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    Amitriptyline hydrochloride overdose

    Elavil overdose; Adepril overdose; Endep overdose; Enovil overdose; Trepiline overdose

    Amitriptyline hydrochloride is a type of prescription medicine called a tricyclic antidepressant. Amitriptyline hydrochloride overdose occurs when someone accidentally or intentionally takes more than the normal or recommended amount of this medication.

    This is for information only and not for use in the treatment or management of an actual poison exposure. If you have an exposure, you should call your local emergency number (such as 911) or the National Poison Control Center at 1-800-222-1222.

    Poisonous Ingredient

    Amitriptyline

    Where Found

    Amitriptyline hydrochloride is a prescription medication. Brands include:

    • Adepril
    • Amitid
    • Amitril
    • Elavil
    • Emitrip
    • Endep
    • Enovil
    • Trepiline
    • Tryptanol
    • Vanatrip

    Note: This list may not be all-inclusive.

    Symptoms

    • Airways and lungs
      • Slowed, labored breathing
    • Bladder and kidneys
      • Inability to urinate
      • Urinary hesitancy
    • Eyes, ears, nose, and throat
      • Blurred vision
      • Dry mouth
      • Enlarged pupils
    • Heart and blood
      • Low blood pressure
      • Irregular heart rate
      • Shock
    • Nervous system
      • Agitation
      • Coma (sudden onset)
      • Convulsions (sudden onset)
      • Drowsiness
      • Hallucinations
      • Headache
      • Inability to concentrate
      • Muscle rigidity
      • Restlessness
      • Seizures
      • Stupor (lack of alertness)
      • Uncoordinated movement
    • Stomach and intestines
      • Constipation
      • Increased appetite
      • Weight gain
      • Vomiting

    Home Care

    This can be a very serious overdose. Seek immediatemedical help.

    Before Calling Emergency

    Determine the following information:

    • Patient's age, weight, and condition
    • Name of the product (ingredients and strengths, if known)
    • Time it was swallowed
    • Amount swallowed
    • If the medication was prescribed for the patient

    Poison Control

    The National Poison Control Center (1-800-222-1222) can be called from anywhere in the United States. This national hotline number will let you talk to experts in poisoning. They will give you further instructions.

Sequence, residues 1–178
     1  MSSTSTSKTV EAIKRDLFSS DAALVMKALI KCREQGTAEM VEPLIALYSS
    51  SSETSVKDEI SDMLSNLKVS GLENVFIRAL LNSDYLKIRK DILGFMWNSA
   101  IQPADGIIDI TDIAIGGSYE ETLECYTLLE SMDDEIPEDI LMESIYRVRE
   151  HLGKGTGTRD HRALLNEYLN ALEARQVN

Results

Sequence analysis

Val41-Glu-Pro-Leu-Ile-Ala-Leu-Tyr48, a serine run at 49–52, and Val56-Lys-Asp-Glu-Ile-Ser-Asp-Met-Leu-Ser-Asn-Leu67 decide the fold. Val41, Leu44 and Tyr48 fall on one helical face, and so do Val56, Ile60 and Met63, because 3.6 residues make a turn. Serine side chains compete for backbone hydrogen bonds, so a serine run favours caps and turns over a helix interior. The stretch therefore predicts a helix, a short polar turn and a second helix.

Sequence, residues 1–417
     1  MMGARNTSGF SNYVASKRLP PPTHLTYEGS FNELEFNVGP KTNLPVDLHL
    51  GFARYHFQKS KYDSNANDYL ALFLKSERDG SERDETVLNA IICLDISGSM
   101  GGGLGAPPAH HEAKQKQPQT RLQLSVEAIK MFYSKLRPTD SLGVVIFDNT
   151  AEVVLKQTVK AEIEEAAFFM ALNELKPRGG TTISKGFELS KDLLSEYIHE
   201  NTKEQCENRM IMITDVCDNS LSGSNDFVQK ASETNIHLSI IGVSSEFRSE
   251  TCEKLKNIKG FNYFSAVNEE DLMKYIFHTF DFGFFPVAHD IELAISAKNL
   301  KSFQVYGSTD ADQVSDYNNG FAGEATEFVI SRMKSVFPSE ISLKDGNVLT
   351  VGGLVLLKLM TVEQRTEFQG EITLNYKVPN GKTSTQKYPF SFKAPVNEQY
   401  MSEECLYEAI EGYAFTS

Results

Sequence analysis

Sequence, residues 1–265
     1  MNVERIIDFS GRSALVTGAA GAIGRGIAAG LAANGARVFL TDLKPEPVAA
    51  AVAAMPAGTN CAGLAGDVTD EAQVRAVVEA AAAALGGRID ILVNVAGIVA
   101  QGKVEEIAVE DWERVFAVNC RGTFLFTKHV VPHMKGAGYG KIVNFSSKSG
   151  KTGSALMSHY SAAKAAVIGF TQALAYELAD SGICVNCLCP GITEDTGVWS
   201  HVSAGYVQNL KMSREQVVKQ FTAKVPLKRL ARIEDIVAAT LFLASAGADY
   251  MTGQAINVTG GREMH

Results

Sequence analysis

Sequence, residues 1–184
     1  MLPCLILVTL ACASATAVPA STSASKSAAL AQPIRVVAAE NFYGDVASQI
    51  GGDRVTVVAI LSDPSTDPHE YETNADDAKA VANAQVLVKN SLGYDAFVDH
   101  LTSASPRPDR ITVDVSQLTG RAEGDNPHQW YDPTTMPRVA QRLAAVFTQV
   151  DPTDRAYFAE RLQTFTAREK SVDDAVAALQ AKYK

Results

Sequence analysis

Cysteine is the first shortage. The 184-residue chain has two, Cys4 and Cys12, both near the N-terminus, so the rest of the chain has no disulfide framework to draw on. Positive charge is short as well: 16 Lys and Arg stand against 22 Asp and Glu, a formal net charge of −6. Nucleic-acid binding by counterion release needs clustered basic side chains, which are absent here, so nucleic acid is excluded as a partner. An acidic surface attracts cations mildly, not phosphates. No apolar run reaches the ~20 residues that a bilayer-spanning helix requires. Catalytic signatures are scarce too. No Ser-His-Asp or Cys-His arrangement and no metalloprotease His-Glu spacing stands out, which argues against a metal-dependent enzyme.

This is a free and confidential service. All local poison control centers in the United States use this national number. You should call if you have any questions about poisoning or poison prevention. It does NOT need to be an emergency. You can call for any reason, 24 hours a day, 7 days a week.

    See: Poison control center - emergency number

    What to Expect at the Emergency Room

    The health care provider will measure and monitor the patient's vital signs, including temperature, pulse, breathing rate, and blood pressure. Symptoms will be treated as appropriate.

    The patient may receive:

    • Activated charcoal
    • Breathing help, possibly artificial respiration
    • Fluids through a vein (by IV)
    • Laxative
    • Medicine called an antidote (sodium bicarbonate) to reverse the effects of the poison
    • Tube through the mouth into the stomach to empty the stomach (gastric lavage)

    Outlook (Prognosis)

    Amitriptyline hydrochloride can be an extremely serious overdose.

    Patients who swallow an excessive amount of this drug are almost always admitted to hospital.

    How well a patient does depends on how much of the drug was swallowed and how quickly treatment was received. The faster a patient gets medical help, the better the chance of recovery.

    References

    Woolf AD, Erdman AR, Nelson LS, et al. American Association of Poison Control Centers. Tricyclic antidepressant poisoning: an evidence-based consensus guideline for out-of-hospital management. Clin Toxicol. 2007;45(3):203-233.

    Kirk MA, Baer AB. Anticholinergics and antihistamines. In: Shannon MW, Borron SW, Burns MJ, eds. Haddad and Winchester's Clinical Management of Poisoning and Drug Overdose. 4th ed. Philadelphia, Pa: Saunders Elsevier; 2007:chap 39.

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          A Closer Look

            Tests for Amitriptyline hydrochloride overdose

              Review Date: 1/19/2010

              Reviewed By: Jacob L. Heller, MD, MHA, Emergency Medicine, Virginia Mason Medical Center, Seattle, Washington. Also reviewed by David Zieve, MD, MHA, Medical Director, A.D.A.M., Inc.

              The information provided herein should not be used during any medical emergency or for the diagnosis or treatment of any medical condition. A licensed medical professional should be consulted for diagnosis and treatment of any and all medical conditions. Links to other sites are provided for information only -- they do not constitute endorsements of those other sites. © 1997- A.D.A.M., Inc. Any duplication or distribution of the information contained herein is strictly prohibited.
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